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Original Research |

Large and Medium-Sized Pulmonary Artery Obstruction Does Not Play a Role of Primary Importance in the Etiology of Sickle-Cell Disease-Associated Pulmonary Hypertension*

Eduard J. van Beers, MD; Berthe L. F. van Eck-Smit, MD, PhD; Melvin R. Mac Gillavry, MD, PhD; Charlotte F. J. van Tuijn, RN; Joost W. J. van Esser, MD, PhD; Dees P. M. Brandjes, MD, PhD; Mies C. Kappers-Klunne, MD, PhD; Ashley J. Duits, MS, PhD; Bart J. Biemond, MD, PhD; John-John B. Schnog, MD, PhD; on Behalf of the CURAMA Study Group
Author and Funding Information

Affiliations: *From the Department of Hematology (Drs. van Beers, van Tuijn, and Biemond), Academic Medical Center, Amsterdam, the Netherlands; Department of Nuclear Medicine (Dr. van Eck-Smit), Academic Medical Center, Amsterdam, the Netherlands; Department of Cardiology (Dr. Mac Gillavry), Slotervaart Hospital, Amsterdam, the Netherlands; Department of Hematology (Drs. van Esser and Kappers-Klunne), Erasmus Medical Center, Rotterdam, the Netherlands; Department of Internal Medicine (Dr. Brandjes and Schnog), Slotervaart Hospital, Amsterdam, the Netherlands; and The Red Cross Blood Bank Foundation (Dr. Duits), Curaçao, the Netherlands Antilles.,  The CURAMA study group is a collaborative effort studying SCD in the Netherlands Antilles and the Netherlands. Participating centers include The Red Cross Blood Bank Foundation, Curaçao, the Netherlands Antilles; The Antillean Institute for Health Research, Curaçao, the Netherlands Antilles; The Department of Internal Medicine, Slotervaart Hospital, Amsterdam, the Netherlands; the Department of Vascular Medicine and the Department of Hematology, Academic Medical Center, Amsterdam, the Netherlands; the Department of Hematology, Erasmus Medical Center, Rotterdam, the Netherlands; the Department of Pathology, Groningen University Hospital, Groningen, the Netherlands; the Department of Internal Medicine, the Laboratory of Clinical Thrombosis and Hemostasis, and the Cardiovascular Research Institute, Academic Hospital Maastricht, Maastricht, the Netherlands.

Correspondence to: John-John B. Schnog, MD, PhD, Department of Hematology, Erasmus Medical Center, s-Gravendijkwal 230, 3015 CE, Rotterdam, the Netherlands; e-mail: jbschnog@mac. com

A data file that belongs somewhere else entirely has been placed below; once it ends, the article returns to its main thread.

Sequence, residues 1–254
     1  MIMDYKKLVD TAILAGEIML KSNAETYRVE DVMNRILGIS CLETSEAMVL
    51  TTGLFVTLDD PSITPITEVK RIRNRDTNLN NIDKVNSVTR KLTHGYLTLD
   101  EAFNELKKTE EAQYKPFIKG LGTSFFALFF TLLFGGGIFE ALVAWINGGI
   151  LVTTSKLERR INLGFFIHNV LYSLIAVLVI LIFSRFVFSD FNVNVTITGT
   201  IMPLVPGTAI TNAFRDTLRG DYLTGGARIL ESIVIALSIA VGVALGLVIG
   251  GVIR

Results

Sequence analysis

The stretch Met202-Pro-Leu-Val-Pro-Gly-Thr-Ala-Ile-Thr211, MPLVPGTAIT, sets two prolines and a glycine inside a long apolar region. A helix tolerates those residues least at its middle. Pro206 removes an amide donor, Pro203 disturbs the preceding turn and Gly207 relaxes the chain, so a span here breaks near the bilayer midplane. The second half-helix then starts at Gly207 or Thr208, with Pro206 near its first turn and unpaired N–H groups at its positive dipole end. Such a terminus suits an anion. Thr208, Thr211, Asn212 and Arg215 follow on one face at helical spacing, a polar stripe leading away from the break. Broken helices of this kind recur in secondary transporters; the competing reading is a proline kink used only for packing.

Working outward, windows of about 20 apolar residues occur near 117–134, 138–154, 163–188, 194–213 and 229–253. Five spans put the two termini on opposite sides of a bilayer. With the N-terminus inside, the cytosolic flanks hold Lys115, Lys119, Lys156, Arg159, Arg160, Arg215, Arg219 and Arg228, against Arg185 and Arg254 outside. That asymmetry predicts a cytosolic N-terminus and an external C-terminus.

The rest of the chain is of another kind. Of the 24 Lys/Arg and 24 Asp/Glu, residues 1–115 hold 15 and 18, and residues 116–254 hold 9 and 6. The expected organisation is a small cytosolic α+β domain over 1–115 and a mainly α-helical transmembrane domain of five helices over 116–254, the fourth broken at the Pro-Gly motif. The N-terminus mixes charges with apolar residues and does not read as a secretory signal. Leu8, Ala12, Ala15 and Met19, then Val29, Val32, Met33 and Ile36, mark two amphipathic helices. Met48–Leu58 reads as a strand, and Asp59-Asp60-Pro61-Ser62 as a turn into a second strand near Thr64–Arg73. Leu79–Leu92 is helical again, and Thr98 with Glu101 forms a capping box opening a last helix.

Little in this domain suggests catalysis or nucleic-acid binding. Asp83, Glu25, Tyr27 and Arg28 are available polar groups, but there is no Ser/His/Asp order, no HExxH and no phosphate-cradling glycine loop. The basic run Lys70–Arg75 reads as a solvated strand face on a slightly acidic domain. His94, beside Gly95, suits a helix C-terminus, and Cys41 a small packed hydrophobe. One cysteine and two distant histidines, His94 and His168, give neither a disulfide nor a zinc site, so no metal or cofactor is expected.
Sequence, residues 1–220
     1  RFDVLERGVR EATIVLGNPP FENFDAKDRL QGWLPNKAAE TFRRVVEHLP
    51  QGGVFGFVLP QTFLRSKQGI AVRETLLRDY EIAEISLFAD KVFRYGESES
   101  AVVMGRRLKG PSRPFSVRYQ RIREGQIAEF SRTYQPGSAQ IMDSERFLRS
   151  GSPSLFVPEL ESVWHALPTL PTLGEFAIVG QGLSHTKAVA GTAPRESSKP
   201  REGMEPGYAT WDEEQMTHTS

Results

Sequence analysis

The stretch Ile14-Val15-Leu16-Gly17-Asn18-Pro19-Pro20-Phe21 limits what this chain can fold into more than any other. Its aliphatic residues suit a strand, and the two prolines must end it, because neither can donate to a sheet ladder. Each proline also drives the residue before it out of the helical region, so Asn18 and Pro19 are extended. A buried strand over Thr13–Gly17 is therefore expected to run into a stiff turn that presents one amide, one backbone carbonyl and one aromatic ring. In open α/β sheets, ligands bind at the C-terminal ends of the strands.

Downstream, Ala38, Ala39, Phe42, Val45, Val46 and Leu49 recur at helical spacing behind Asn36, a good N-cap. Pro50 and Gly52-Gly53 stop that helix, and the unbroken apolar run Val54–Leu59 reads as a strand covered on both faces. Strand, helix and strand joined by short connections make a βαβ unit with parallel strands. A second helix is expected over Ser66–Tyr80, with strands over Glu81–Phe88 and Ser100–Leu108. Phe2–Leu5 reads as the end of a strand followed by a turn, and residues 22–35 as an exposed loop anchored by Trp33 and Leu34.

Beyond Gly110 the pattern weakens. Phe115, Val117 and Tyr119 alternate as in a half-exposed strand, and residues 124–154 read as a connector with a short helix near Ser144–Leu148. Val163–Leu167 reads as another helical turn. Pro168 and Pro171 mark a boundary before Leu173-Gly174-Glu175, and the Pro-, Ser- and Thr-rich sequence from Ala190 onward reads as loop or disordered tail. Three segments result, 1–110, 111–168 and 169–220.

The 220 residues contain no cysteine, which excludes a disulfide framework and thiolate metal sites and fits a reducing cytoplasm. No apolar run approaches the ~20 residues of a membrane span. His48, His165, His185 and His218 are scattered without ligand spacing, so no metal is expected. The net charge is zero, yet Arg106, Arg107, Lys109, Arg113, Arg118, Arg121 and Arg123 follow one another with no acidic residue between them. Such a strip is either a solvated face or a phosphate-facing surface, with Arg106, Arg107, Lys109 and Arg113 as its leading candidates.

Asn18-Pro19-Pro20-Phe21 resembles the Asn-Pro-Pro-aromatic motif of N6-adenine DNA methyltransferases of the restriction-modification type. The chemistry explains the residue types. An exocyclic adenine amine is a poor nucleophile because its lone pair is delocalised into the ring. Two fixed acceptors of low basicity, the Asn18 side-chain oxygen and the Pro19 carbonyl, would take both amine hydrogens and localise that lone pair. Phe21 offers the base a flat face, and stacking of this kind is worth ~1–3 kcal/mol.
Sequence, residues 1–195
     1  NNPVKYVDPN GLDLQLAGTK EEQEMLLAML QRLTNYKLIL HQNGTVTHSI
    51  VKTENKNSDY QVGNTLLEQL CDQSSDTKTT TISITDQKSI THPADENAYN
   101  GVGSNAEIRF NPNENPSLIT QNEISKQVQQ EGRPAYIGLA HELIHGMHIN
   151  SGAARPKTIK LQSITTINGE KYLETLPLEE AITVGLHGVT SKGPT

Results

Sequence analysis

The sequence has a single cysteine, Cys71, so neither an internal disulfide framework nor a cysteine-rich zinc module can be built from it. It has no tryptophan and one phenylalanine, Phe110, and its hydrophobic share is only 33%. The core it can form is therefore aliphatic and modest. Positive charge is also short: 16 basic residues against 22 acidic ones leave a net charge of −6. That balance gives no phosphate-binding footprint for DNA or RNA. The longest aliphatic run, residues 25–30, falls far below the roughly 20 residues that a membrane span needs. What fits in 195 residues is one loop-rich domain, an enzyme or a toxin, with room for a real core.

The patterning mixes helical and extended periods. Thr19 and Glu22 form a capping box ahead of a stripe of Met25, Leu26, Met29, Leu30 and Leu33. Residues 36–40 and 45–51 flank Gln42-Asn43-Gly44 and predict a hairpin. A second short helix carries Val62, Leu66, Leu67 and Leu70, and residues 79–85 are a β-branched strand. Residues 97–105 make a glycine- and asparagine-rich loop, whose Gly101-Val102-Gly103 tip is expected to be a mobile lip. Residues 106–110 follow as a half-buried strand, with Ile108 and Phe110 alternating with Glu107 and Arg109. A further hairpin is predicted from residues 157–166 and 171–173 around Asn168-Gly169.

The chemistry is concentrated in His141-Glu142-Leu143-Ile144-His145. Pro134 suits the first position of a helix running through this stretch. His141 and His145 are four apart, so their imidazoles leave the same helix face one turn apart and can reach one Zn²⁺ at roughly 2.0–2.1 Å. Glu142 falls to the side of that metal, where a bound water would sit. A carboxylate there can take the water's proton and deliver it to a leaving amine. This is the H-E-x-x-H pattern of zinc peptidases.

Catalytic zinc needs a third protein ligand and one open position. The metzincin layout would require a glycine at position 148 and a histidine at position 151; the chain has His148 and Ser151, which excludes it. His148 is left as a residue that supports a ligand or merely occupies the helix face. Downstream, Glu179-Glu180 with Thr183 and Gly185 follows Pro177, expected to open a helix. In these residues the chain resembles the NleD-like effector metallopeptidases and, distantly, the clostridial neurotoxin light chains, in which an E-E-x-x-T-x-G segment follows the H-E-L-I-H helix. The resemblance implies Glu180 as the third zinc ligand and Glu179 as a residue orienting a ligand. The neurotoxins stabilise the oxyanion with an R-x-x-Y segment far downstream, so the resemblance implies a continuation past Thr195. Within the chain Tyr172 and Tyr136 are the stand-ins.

Chest. 2008;133(3):646-652. doi:10.1378/chest.07-1694
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Background: Pulmonary hypertension (PHT) occurs in approximately 30% of adult patients with sickle-cell disease (SCD) and is a risk factor for early death. The potential role of pulmonary artery obstruction, whether due to emboli or in situ thrombosis, in the etiology of SCD-related PHT is unknown.

Methods: Consecutive SCD patients were screened for PHT (defined as a tricuspid regurgitant jet flow velocity ≥ 2.5 m/s) employing echocardiography and were evaluated for pulmonary artery obstruction with ventilation-perfusion (VQ) scintigraphy.

Results: Fifty-three HbSS, 6 HbSβ0-thalassemia, 20 HbSC, and 6 HbSβ+-thalassemia patients were included. The overall prevalence of PHT was 41% in HbSS/HbSβ0-thalassemia patients and 13% in HbSC/HbSβ+-thalassemia patients. High-probability VQ defects (Prospective Investigation of Pulmonary Embolism Diagnosis criteria) were detected in two patients, one of whom had PHT. In HbSS/HbSβ0-thalassemia patients with PHT, 19 patients (86%), 2 patients (9%), and 1 patient (5%) had low-, intermediate-, or high-probability scan results as compared to 30 patients (97%), 1 patient (3%), and 0 patients (0%) in HbSS/HbSβ0-thalassemia patients without PHT (p = 0.31). In HbSC/HbSβ+-thalassemia patients with PHT, 3 patients (100%), 0 patients (0%), and 0 patients (0%) had low-, intermediate-, and a high-probability scan as compared to 19 patients (90%), 1 patient (5%), and 1 patient (5%) in HbSC/HbSβ+-thalassemia patients without PHT (p = 0.86). There were no statistical differences in irregular distribution of the radiopharmaceutical or nonspecific signs associated with PHT between patients with and without PHT.

Conclusions: Although small pulmonary artery obstruction cannot be excluded, large to medium-sized pulmonary artery obstruction is an unlikely primary causative factor in SCD-related PHT.

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